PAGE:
Heather Corinna replies:
I'm 18 and i've JUST started having sex. I've done the deed 3 times and I've done all this research about fertility detection, rhythm method, and effectiveness of condoms and the pill. I've been on the pill for 2 years for acne reasons and I've used a condom every session without slippage or breakage. I try to refrain from the days I'm supposed to be most fertile, or having sex the week before ovulation for example. But all information is different. I hear sperm can last from 5 to 7 days but then I hear 2 - 3 days: which is it?!
My mum's a public health nurse and she's always said that condoms don't always work: does that mean if they slip or break? I've been really careful about my pill lately, making sure I take it every day but the times aren't always consistent: it's usually between 8am and 3pm. I also take zoloft for other reasons: does that ruin the effectiveness of the pill?? My significant other and I also use withdrawl every time: but using the condom and pill as well I still worry lol but is there still a chance I could become pregnant. I'm pretty confident for taking all these extra precautions, but I would still like to know if that's ok.
Good on you for doing so much research, but if you're using the birth control pill, then you're not ovulating, nor most fertile at any given time.
The combined pill suppresses ovulation, so there's no sense in charting when you're on it, because there isn't anything TO chart: your fertility status -- so long as you're taking your pill properly -- is exactly the same every day of every cycle. Charting isn't in any way useful or meaningful when you're on the pill, so won't help with pregnancy prevention.
But that's okay, because if you change your pill habits a bit, you don't need any extra help with that: you're on the pill AND using condoms, and that gets you about as close to a zero chance of pregnancy as it gets without abstaining from sex, so long as, again, you're using both methods properly and consistently.
Condoms don't always work, but it's important to understand that that nearly always is due to user error. Generally, condoms fail when:
You also need to start taking your pill on time: how you're taking it now isn't timely. That's a pretty big window you've got there for taking it: ideally, for the pill to be as effective as possible, you want to take it at the same time every day, with no more than two to three hours of difference. Try and find something you do at the same time (or really close) everyday. Like, when you have lunch, when you brush your teeth at night: any daily habit, and take your pill at that time.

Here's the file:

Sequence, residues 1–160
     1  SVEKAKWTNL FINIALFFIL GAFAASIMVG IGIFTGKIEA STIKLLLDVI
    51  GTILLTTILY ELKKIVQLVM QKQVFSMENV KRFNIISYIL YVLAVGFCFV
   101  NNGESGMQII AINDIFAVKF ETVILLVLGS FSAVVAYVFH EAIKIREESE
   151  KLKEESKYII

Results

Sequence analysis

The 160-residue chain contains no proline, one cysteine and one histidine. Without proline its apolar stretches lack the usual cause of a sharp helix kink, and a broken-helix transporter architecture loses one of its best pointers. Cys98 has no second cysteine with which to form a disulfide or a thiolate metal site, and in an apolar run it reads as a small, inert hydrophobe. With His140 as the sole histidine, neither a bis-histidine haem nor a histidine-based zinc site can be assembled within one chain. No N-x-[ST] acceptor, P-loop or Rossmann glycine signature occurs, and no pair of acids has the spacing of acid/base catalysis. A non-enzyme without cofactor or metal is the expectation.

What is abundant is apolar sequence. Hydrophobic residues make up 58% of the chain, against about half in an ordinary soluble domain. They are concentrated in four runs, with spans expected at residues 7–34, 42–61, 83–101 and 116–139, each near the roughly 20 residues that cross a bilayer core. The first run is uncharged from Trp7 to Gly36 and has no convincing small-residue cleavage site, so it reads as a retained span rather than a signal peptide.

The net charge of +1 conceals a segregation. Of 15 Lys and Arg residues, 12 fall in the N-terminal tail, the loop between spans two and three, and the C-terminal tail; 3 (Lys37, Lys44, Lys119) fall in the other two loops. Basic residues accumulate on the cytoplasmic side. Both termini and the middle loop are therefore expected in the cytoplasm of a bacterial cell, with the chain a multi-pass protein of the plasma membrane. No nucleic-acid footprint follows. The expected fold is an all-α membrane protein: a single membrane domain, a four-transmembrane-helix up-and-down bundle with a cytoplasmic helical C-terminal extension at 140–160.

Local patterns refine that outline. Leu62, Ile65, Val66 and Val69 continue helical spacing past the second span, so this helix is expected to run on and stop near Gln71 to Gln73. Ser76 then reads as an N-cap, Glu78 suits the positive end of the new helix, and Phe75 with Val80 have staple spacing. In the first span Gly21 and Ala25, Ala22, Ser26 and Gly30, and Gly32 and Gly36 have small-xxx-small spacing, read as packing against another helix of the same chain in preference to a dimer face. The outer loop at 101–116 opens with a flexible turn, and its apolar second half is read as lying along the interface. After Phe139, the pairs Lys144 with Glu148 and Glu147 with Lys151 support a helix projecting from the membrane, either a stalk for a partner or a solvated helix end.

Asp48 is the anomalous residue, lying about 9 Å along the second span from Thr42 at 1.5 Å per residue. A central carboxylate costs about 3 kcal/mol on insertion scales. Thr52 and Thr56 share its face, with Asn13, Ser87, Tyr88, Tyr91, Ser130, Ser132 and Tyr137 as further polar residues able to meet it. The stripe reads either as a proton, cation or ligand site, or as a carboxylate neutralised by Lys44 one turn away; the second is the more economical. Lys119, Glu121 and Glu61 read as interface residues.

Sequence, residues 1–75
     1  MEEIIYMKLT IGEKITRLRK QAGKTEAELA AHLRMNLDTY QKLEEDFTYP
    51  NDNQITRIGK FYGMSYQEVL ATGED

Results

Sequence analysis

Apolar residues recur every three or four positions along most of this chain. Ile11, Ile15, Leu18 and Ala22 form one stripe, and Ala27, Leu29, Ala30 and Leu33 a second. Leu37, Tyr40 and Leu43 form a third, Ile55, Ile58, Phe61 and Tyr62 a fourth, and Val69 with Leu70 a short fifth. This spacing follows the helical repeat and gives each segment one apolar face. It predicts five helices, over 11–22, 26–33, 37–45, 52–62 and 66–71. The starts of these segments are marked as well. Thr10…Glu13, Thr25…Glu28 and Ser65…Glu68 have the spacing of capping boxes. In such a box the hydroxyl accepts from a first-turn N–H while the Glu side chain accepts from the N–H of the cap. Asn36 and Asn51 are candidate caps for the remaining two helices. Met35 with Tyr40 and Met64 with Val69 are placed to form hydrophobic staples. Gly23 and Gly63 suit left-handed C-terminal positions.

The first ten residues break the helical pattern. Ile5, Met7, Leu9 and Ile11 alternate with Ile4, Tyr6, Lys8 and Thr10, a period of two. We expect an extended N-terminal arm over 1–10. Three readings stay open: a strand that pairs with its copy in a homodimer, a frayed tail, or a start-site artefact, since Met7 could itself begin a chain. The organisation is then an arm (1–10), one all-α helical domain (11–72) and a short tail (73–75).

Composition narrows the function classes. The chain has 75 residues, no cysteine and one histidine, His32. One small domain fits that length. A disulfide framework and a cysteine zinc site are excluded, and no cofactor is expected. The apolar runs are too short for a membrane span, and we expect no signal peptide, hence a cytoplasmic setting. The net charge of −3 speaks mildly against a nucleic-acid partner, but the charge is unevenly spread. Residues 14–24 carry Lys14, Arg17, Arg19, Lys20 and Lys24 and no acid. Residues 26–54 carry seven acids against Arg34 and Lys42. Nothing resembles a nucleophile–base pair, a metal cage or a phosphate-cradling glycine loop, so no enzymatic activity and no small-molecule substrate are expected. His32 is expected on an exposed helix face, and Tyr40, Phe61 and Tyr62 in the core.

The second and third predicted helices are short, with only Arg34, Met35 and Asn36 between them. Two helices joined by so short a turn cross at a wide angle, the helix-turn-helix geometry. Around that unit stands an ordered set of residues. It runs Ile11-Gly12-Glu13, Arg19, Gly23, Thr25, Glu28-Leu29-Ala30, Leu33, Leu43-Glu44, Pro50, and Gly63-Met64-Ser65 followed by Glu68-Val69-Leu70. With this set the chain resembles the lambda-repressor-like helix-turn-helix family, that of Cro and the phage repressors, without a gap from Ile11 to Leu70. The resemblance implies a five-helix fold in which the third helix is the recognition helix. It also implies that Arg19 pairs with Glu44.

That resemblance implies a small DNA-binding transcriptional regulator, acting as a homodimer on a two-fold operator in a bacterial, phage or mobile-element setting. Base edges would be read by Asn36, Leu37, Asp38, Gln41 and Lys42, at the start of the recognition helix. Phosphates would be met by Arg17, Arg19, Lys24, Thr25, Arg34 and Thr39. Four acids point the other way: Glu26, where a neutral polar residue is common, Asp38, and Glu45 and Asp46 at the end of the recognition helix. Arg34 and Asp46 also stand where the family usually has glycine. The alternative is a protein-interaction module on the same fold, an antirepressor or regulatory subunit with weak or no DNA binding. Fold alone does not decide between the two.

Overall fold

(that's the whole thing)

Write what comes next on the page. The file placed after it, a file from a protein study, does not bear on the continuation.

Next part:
You also don't need to be using withdrawal: again, with the pill and condoms, there's just no need, and in fact, in racing to withdraw, it can (understandably) be pretty easy for a guy to forget to hold the base of the condom. To boot, there's just no reason to do something that isn't going to provide extra protection in a given situation when it also can be such a buzzkill. Who wants to panic and rush at the start of their orgasm?
Really, if you don't feel totally okay about your risks while using the pill combined with condoms, what I'd suggest is considering if you really feel ready -- for real -- for the risks involved in the kinds of sex you're having. Because if you're really worried about all this the whole time, while still using a very effective combination of birth control, that can be an indicator that this is just too much, too soon. So, I'd suggest thinking about it for yourself, just to be sure, and if you come to the conclusion that this IS too much risk for your comfort, just adapt: you can either take a break from all sex, full-stop, or you can skip intercourse for a while and engage in other activites together you feel safer about. ANY sort of sex always keeps, and EVERY sort of sex is always better when we're not bringing a big pile of anxiety to the table.
(Sperm, for the record, is thought to survive in the vagina and remain viable for around 5 days: but again, since you're using condoms and there isn't any sperm IN your vagina, that's not really something to be too concerned about. Too, your antidepressant isn't a medication that interferes with the effectiveness of your pill. In the future, you can always ask your pharmacist, with any new medication, if it is a problem to take with the pill: it's their job to know and make sure you know.)
I've included a few links for you I think might be of use -- particularly, have a good look at both the sex readiness checklist and at the birth control tables: the latter will show you how effective both your methods are, so you can get a better idea of what an excellent and effective combination that is.